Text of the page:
SPORTS_FieldHockey_JarrettEdmund
Photo by Jarrett Edmund

Dinos field hockey team optimistic about upcoming season

By Christie Melhorn, September 7 2017 —

Whether or not you’re a hockey fan, living in Calgary exposes you to the sport’s culture — the enjoyable chill of the rink and the boisterous fans dominating the city’s bars. But compared to ice hockey, field hockey is less well-known in the city. The University of Calgary’s women’s field hockey team wants to prove that the sport is equally as exciting on a turf as it is on ice.

The Dinos experienced hard-fought losses during the 2016 season to the Victoria Vikes and University of British Columbia Thunderbirds — the only other two teams in the Canada West league. Their season — and the chance to play in nationals — ended with a disappointing defeat against the Thunderbirds, the 2016 USports champions.

Head coach Peter Taylor, now entering his third year with the Dinos, says the team has grown considerably since he started.

“In the past, the Dinos field hockey program hasn’t been amazing, but achieving that isn’t unattainable,” Taylor said. “I started as coach the first day of preseason. The girls had to deal with a lot of new information very quickly but did a great job of it.”

Despite their losses, the Dinos have earned consistent recognition within Canada West. Defender and forward Sabrina Wong was the 2015 Canadian Interuniversity Sport rookie of the year and was named a 2016 Canada West all-star. And defender Jessica Britton was also named a Canada West all-star for the fifth time in 2016.

Taylor attributes the team’s development to their dedication and solidarity.

“Our group is very motivated and positive. A lot of our fourth-years have their hands up, asking how to become more involved,” Taylor said. “If they’re willing to give more, others are willing to give back. It builds a better and stronger team bond.”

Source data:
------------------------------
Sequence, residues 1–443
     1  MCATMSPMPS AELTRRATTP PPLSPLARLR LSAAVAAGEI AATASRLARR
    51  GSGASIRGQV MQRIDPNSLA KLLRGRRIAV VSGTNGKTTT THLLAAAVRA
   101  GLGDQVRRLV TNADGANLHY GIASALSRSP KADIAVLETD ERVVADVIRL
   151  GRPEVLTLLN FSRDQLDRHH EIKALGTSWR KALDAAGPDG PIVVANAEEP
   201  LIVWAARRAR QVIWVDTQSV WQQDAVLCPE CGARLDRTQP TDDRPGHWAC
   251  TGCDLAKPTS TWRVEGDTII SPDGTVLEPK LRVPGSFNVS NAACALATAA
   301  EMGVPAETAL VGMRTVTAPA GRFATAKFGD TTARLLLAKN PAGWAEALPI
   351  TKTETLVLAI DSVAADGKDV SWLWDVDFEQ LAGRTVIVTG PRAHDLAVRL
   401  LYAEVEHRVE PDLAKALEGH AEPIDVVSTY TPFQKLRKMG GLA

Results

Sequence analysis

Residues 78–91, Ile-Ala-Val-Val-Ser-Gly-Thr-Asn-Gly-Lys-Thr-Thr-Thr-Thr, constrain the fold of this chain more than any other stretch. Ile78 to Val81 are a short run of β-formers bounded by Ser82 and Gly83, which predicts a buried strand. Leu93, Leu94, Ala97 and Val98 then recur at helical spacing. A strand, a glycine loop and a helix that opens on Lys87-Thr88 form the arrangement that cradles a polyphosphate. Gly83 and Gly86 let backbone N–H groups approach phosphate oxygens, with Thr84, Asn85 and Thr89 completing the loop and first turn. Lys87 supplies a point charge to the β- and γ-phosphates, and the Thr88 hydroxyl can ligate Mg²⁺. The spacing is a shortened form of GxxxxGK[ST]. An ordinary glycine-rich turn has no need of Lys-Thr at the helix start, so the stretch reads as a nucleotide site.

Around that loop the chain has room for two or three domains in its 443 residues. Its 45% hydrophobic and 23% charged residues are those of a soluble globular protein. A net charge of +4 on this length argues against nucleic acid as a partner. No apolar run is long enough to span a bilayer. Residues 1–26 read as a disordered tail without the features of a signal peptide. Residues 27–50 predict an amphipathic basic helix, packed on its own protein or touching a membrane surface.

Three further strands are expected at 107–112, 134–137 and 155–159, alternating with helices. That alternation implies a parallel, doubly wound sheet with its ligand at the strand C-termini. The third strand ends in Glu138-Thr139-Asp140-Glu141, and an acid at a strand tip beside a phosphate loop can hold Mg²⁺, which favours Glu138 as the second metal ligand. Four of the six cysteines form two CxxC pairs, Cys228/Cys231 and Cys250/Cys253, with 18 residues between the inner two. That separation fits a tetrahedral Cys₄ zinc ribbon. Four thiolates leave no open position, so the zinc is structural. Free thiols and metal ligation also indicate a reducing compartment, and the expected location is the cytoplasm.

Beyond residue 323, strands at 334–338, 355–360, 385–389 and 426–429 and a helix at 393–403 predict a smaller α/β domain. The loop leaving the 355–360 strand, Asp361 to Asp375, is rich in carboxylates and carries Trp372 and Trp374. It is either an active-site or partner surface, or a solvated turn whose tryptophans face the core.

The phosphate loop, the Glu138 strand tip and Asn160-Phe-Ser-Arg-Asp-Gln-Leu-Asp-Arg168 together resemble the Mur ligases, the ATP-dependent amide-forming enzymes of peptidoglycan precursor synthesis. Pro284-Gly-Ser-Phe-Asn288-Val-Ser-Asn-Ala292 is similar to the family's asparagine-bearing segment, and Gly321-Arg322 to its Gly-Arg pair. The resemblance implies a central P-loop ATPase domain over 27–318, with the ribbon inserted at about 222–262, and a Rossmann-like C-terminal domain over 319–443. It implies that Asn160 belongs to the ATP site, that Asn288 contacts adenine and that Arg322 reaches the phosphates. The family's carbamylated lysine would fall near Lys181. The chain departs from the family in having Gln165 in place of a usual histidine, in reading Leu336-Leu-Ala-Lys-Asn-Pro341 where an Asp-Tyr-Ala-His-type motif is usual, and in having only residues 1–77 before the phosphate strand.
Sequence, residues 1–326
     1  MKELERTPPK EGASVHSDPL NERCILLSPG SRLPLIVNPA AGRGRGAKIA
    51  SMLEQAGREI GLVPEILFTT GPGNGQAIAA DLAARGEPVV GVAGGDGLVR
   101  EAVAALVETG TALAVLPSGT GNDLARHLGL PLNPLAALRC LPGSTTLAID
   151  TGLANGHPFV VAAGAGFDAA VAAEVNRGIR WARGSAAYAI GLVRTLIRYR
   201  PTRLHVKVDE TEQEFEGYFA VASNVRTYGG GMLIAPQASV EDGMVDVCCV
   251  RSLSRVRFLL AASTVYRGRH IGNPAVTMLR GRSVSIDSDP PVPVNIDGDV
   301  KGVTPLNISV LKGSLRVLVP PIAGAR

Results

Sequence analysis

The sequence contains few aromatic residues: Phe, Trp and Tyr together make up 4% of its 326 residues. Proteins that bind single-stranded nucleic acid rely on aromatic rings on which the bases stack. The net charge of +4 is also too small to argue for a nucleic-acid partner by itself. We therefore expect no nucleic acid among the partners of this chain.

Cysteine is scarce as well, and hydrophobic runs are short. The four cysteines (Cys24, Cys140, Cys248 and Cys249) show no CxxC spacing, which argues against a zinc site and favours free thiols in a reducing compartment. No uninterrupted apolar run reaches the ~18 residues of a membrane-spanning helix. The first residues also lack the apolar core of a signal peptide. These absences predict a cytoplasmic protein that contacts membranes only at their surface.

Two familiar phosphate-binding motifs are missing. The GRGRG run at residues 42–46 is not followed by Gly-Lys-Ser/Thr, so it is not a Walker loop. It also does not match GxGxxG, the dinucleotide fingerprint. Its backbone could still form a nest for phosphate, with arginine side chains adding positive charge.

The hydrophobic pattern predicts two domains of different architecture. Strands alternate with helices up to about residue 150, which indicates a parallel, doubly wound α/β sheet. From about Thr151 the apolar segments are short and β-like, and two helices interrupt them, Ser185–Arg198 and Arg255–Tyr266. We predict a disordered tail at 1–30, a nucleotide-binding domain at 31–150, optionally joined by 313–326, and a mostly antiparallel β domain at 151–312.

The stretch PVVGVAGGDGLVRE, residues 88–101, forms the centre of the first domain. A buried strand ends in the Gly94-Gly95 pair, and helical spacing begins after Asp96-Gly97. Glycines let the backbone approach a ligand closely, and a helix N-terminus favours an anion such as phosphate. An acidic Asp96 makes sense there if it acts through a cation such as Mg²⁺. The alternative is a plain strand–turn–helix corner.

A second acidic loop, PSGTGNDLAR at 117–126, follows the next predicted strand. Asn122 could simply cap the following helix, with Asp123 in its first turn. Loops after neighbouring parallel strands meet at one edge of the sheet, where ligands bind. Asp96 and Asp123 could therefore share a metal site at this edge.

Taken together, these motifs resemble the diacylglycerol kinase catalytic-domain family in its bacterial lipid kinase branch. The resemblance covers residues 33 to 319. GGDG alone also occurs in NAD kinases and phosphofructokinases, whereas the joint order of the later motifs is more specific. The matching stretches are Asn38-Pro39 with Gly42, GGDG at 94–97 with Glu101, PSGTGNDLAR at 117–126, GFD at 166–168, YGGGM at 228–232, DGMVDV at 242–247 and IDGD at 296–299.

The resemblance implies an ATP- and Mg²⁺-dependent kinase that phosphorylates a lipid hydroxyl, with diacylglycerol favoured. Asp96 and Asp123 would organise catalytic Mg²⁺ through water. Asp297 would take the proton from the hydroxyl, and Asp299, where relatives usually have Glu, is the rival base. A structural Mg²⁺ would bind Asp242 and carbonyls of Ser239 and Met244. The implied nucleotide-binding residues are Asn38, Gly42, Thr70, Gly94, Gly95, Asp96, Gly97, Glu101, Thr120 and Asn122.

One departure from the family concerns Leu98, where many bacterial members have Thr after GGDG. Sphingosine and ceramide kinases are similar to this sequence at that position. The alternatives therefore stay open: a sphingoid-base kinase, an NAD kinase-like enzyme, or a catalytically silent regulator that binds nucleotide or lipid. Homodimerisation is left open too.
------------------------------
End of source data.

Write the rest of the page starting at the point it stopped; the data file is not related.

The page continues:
The women’s team enter the 2017 season only two players short from last season’s roster, making for a promising year.

“The core from last year is still here. We still have 17 players from [last year’s] 19. That is a big advantage for us. A lot of other teams lost a lot of players,” he said.

Though the team’s roster is currently being finalized, Taylor says the eight rookies trying out show great potential.

“The level our rookies are at is really high,” Taylor said. “I have a lot of confidence that we’ll take the next step further this year.”

Taylor says that the players’ commitment to both academics and athletics create a positive environment for rookies and veterans alike.

“The players have a great sense of commitment to their sport and to their studies,” Taylor says. “They support each other so well. The older girls really mentor the rookies. They help them plan their schedules and engrain them into the team.”

On the field, Taylor expects the team will experiment with new strategies this season.

“This season we want to attack more both defensively and when we have the ball,” Taylor said. “We want to pressure the opposing team, make them make mistakes and let them give us the ball — and be more effective when we have it. Last year we created more chances but this year we want to be more clinical and get those goals.”

The women’s field hockey team begins their season in a home-opener against the Thunderbirds on Sept. 23 at 11 a.m. on Hawkings Field.

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